. 24/7 Space News .
NASA, Northrop Grumman to test fire future Artemis booster motor
by Corinne Beckinger for MSFC News
Huntsville AL (SPX) Jul 17, 2022

Teams installed the flight support booster for future versions of the SLS rocket's solid rocket boosters into a test stand in Promontory, Utah. NASA and Northrop Grumman engineers are preparing to conduct a full-scale static test of the motor at the Northrop Grumman test facility July 21.

NASA and Northrop Grumman will perform a full-scale static test of a Space Launch System (SLS) solid rocket booster motor at Northrop Grumman's Promontory, Utah, test facility July 21. Engineers will fire the booster during the demonstration, called the Flight Support Booster 2 test, to evaluate materials and processes to improve boosters for future Artemis missions.

"The current SLS boosters for the first eight Artemis missions are using a robust mix of new avionics and substantial heritage hardware from the Space Shuttle Program," said Bruce Tiller, SLS Booster Program manager.

"This particular ground test will demonstrate some new materials, a completely new steering system, and a new way to ignite the motor. Data from this test will improve our booster design for future missions that take us farther into deep space than ever before."

For the test, one booster is affixed in a horizontal test stand and fired for approximately two minutes, the same amount of time and at the same power level as it would be fired during launch.

On launch day, a pair of solid rocket boosters in a vertical position attached to the core stage of the SLS rocket supply more than 75% of the total thrust for the first two minutes of flight. Northrop Grumman is the lead contractor for the SLS solid rocket boosters.

NASA and Northrop Grumman experts will discuss the Flight Support Booster 2 test during a Facebook Live on the Space Launch System rocket's Facebook page, as well as on NASA's Marshall Space Flight Center YouTube channel, beginning at 2:55 p.m. EDT.

During the test, anyone can submit questions on Twitter, Facebook, and YouTube using the hashtag #AskNASA. Julia Khodabandeh, motor team lead for SLS boosters at NASA's Marshall Space Flight Center in Huntsville, Alabama, and Jessica Rose, chemical engineer for SLS boosters at Northrop Grumman, will answer questions.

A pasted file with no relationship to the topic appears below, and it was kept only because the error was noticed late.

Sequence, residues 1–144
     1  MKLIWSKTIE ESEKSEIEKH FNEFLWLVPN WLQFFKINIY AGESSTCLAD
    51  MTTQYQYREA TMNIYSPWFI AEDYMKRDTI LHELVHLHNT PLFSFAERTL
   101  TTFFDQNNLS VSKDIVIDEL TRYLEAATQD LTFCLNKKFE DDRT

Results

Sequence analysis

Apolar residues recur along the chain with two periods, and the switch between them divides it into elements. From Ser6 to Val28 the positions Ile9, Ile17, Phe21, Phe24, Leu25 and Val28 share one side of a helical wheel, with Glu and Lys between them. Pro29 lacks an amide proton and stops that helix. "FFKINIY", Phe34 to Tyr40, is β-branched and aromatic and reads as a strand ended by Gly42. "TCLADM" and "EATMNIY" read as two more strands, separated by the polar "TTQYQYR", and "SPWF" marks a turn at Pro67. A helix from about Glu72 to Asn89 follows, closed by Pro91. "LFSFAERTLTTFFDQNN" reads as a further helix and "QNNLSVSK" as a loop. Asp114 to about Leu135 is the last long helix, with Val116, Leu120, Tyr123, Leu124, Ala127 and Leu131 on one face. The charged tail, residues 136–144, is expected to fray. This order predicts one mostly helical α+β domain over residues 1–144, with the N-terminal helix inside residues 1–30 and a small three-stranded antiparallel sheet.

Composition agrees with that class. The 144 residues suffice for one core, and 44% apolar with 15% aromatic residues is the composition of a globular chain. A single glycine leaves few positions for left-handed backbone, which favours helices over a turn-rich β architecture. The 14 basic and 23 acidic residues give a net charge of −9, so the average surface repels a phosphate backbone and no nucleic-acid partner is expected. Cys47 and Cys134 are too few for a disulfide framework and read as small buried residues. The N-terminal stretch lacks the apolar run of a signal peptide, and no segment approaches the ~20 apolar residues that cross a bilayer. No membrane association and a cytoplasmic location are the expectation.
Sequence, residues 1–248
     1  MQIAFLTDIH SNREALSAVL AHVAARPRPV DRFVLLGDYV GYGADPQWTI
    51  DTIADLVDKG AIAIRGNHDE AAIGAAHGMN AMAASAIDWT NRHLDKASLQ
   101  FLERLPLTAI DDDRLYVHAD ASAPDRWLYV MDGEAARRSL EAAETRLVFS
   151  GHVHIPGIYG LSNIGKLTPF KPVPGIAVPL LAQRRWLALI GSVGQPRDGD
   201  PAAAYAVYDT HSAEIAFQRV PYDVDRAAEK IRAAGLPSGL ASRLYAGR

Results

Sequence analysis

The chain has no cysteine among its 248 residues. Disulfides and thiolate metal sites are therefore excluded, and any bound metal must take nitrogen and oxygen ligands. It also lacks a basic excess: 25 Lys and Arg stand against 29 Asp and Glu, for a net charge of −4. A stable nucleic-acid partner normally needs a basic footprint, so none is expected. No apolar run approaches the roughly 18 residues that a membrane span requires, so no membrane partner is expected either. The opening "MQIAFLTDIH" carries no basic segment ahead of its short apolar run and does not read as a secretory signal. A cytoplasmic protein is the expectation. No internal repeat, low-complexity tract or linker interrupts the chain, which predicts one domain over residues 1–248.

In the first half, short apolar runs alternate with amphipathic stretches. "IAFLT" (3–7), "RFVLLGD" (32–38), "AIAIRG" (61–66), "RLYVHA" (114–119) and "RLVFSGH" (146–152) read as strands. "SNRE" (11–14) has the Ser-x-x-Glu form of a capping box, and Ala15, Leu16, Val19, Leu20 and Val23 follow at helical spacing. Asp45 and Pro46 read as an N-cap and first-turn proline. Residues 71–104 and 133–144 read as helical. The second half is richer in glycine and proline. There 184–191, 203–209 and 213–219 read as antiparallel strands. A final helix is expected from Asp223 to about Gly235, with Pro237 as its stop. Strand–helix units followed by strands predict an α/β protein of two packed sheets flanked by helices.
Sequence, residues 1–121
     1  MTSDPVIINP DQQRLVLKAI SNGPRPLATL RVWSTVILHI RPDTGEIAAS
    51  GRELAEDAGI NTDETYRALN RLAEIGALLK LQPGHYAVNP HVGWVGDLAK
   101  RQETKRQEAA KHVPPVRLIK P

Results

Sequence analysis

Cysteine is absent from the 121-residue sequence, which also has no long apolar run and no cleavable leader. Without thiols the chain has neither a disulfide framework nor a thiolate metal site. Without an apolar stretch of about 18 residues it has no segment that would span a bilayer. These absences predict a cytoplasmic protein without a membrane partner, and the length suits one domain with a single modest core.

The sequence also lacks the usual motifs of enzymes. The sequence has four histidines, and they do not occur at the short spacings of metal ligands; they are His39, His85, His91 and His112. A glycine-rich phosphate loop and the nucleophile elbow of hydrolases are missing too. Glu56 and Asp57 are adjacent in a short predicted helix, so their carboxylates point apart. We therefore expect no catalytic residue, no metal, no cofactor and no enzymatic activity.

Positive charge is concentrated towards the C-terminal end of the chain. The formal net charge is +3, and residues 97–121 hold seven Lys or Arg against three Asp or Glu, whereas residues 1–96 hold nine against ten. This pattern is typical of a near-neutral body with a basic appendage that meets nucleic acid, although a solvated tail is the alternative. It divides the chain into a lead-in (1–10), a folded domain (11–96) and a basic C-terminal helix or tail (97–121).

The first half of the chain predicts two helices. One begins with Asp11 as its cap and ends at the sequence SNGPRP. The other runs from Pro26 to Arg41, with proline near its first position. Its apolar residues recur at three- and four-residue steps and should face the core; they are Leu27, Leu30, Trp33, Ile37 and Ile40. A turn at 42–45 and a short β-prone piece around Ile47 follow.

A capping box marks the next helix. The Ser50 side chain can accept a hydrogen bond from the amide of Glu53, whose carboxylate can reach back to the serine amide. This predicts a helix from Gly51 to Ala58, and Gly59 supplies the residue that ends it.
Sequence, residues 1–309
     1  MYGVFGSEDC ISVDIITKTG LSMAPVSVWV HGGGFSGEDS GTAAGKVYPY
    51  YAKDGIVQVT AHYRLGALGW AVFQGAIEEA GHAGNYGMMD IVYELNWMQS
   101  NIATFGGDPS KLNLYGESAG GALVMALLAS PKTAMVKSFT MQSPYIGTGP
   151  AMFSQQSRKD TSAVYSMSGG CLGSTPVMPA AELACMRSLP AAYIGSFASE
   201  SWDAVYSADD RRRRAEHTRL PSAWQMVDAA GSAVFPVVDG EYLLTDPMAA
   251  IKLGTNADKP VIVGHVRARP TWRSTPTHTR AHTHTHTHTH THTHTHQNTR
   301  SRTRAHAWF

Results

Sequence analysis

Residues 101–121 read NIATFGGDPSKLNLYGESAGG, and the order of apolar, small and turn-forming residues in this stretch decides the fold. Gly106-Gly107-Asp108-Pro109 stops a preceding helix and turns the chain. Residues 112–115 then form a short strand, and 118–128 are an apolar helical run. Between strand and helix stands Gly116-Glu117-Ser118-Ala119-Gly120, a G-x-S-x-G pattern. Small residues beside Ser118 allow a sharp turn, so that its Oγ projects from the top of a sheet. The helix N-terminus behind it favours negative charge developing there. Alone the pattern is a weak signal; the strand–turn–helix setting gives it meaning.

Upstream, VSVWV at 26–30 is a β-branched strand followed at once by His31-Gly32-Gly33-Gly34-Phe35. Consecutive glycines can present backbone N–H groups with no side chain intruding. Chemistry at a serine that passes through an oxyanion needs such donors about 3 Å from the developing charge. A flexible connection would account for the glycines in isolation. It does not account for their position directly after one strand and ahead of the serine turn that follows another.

The FSB-2 test builds off the Flight Support Booster-1 test conducted in September 2020 and will demonstrate a newly qualified motor initiation system and qualify a new ablative lining to protect the booster nozzle. This test will also provide information for the development of the next generation booster obsolescence and life extension booster that will support Artemis IX and beyond.

Through Artemis missions, NASA will land the first woman and the first person of color on the Moon, paving the way for a long-term, sustainable lunar presence and serving as a steppingstone for future astronaut missions to Mars.

Related Links
Space Launch System
Rocket Science News at Space-Travel.Com

Thanks for being there;
We need your help. The SpaceDaily news network continues to grow but revenues have never been harder to maintain.

With the rise of Ad Blockers, and Facebook - our traditional revenue sources via quality network advertising continues to decline. And unlike so many other news sites, we don't have a paywall - with those annoying usernames and passwords.

Our news coverage takes time and effort to publish 365 days a year.

If you find our news sites informative and useful then please consider becoming a regular supporter or for now make a one off contribution.
SpaceDaily Monthly Supporter
$5+ Billed Monthly

paypal only
SpaceDaily Contributor
$5 Billed Once

credit card or paypal

Skyrora opens UK's largest rocket engine manufacturing facility
London, UK (SPX) Jul 14, 2022